October 3, 2013 | 1
With only 3% of NASA employees currently at work during the government shutdown, the status of continuing work for the upcoming MAVEN orbiter launching to Mars to analyze the Martian atmosphere mid-November has been uncertain. Luckily it seems they’ve been quite industrious this past month in preparation:
The MAVEN spacecraft is shown in this time-lapse video during its Assembly, Test, and Launch Operations (ATLO) phase. MAVEN began ATLO procedures on Sept. 11, 2012 and was shipped to Kennedy Space Center’s Payload Hazardous Servicing Facility on Aug. 2, 2013 to begin preparations for its scheduled launch on Nov. 18, 2013.
Now for the update. Bruce Jakosky, Principle Investigator on the project has released this announcement:
“Let me tell you the current status of MAVEN. I learned this morning that NASA has analyzed the MAVEN mission relative to the Anti-Deficiency Act and determined that it meets the requirements allowing an emergency exception.
MAVEN is required as a communications relay in order to be assured of continued communications with the Curiosity and Opportunity rovers. The rovers are presently supported by Mars Odyssey launched in 2001 and Mars Reconnaissance Orbiter launched in 2005. Launching MAVEN in 2013 protects the existing assets that are at Mars today.
A delay in the launch date by more than a week past the end of the nominal launch period, or a delay of launch to 2016, would require additional fuel to get into orbit. This would have precluded having sufficient fuel for MAVEN to carry out its science mission and to operate as a relay for any significant time. Our nominal launch period runs from 18 November through 7 December, and we can launch as late as about 15 December without a significant impact on our combined science and relay activities. There is no NASA relay orbiter planned post-MAVEN.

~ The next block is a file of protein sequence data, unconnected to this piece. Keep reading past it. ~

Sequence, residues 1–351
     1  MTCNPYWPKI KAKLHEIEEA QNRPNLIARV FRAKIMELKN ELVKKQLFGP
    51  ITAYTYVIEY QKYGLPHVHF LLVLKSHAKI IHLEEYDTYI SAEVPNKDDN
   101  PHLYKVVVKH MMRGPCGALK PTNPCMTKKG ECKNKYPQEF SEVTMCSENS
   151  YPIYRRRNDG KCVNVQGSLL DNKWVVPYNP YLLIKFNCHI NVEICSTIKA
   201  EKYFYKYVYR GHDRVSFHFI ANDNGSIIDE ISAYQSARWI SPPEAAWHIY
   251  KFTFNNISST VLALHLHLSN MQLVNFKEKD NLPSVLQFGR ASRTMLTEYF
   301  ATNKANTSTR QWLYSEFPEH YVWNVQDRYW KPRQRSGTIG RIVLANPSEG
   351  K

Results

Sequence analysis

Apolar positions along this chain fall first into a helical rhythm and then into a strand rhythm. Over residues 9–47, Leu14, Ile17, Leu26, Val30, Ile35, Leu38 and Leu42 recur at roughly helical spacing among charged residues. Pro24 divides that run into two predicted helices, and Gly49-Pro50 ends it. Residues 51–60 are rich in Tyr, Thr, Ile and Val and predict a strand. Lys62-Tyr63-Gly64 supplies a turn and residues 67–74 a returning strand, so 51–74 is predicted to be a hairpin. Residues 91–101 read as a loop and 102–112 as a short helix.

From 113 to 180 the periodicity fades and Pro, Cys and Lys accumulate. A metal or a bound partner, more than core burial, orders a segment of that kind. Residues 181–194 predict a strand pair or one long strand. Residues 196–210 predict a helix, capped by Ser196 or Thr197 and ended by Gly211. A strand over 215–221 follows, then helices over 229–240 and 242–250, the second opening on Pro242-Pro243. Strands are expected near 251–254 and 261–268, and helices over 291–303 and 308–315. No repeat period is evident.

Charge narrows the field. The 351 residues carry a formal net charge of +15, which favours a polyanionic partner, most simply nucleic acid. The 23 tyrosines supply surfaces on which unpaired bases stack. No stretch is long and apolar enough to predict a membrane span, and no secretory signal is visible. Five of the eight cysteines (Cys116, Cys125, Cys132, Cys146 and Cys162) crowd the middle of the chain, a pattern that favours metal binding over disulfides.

Although the exception for MAVEN is not being done for science reasons, the science of MAVEN clearly will benefit from this action. Launching in 2013 allows us to observe at a good time in the eleven-year solar cycle.
We have already restarted spacecraft processing at Kennedy Space Center, working toward being ready to launch on Nov. 18. We will continue to work over the next couple of days to identify any changes in our schedule or plans that are necessary to stay on track.”
I for one am relieved because I have my travel plans all made to attend the launch, though am awaiting my official invite document. It seems I will have to wait a little bit more until NASA employees can return to work.
12 Digital Issues + 4 Years of Archive Access just $19.99X